Notwithstanding the fact that he died alone in a hotel room following a heroin overdose at the age of fifty-three, Brett Whiteley led what for an Australian artist in particular may be characterised as a fortunate life. As Ashleigh Wilson relates in this excellent biography, Whiteley retained the capacity to astonish, despite his misadventures.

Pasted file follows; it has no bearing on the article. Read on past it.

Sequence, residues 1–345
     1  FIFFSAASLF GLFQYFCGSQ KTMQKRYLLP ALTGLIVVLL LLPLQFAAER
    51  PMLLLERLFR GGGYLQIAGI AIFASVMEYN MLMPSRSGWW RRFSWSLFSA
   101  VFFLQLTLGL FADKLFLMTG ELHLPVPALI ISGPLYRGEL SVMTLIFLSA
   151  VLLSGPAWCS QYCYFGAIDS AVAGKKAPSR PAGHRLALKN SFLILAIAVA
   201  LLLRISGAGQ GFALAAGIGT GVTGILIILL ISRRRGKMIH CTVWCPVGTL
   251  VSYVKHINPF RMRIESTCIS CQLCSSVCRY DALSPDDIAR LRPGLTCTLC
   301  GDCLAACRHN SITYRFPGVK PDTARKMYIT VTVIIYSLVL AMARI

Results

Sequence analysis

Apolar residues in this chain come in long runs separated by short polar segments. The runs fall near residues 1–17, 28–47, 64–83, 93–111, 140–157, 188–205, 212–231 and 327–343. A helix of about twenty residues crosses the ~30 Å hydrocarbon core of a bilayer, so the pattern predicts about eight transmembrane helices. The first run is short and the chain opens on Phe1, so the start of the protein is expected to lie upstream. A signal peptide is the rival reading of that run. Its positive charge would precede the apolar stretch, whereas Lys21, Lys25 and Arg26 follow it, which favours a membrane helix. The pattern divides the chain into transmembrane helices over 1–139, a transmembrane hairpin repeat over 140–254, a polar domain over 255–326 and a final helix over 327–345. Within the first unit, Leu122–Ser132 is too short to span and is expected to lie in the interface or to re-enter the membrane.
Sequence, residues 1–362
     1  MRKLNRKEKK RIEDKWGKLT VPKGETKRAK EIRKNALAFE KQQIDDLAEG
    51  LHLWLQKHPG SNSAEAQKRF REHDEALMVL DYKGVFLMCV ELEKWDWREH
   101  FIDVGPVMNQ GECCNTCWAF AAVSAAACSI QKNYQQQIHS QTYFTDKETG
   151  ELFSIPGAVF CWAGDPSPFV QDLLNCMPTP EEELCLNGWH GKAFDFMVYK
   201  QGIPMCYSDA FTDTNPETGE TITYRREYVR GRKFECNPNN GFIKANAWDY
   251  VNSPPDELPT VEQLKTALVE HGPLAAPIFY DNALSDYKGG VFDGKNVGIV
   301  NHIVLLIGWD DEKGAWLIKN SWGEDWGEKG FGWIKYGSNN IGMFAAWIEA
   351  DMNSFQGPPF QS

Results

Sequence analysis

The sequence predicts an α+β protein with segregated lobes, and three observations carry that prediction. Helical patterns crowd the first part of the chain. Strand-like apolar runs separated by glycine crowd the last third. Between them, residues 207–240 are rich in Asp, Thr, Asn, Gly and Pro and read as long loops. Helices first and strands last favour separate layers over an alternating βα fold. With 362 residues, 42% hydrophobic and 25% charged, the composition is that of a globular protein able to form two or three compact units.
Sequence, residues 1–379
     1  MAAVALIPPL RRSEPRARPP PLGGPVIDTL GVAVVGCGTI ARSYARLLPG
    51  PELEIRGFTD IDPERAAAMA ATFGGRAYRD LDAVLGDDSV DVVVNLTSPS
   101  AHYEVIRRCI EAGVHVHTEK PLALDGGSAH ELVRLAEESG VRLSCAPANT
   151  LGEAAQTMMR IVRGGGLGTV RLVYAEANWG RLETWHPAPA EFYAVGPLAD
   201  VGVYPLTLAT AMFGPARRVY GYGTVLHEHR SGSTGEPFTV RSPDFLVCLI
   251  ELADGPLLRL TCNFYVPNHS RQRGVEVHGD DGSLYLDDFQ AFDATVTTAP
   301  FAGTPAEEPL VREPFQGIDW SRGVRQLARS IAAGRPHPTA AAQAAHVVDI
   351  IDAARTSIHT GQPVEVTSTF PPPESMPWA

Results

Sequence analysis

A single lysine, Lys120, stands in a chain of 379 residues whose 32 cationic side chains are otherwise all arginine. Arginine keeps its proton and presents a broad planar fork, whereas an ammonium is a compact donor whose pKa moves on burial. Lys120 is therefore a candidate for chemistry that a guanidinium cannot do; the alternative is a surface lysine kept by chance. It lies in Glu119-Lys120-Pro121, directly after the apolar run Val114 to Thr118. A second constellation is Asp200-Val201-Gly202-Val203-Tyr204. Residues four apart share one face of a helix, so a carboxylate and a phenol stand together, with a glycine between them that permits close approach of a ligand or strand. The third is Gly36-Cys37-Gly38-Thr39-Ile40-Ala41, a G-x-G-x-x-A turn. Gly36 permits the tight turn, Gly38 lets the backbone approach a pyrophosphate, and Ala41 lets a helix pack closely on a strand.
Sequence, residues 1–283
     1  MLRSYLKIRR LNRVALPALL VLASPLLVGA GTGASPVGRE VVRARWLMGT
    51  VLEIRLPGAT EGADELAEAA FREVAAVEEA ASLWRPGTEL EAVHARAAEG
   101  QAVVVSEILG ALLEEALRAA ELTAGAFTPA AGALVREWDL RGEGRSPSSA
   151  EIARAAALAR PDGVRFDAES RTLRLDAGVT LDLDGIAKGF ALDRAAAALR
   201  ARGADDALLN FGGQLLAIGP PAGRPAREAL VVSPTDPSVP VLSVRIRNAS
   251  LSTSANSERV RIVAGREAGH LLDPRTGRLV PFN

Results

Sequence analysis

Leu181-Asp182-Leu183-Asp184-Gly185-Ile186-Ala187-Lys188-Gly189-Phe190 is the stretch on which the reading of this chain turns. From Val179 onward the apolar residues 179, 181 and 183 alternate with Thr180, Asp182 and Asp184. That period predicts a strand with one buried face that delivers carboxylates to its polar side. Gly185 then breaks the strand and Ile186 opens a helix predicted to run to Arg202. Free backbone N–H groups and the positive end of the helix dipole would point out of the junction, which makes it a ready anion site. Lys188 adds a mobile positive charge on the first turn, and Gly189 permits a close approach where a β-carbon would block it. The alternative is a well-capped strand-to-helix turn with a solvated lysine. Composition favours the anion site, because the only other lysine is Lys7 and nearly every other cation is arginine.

A middle-class upbringing and education in Sydney and Bathurst provided him with a solid foundation. Crucially, Whiteley's natural talent was recognised and nurtured by his primary school art teacher, Miss Waugh. In his early adult years, Whiteley had the benefit of an indulgent employer who hired him as a commercial artist. He received major travelling awards and enjoyed the support of wise and eminent mentors and promoters in the international art world. One influential early admirer was the art critic Robert Hughes.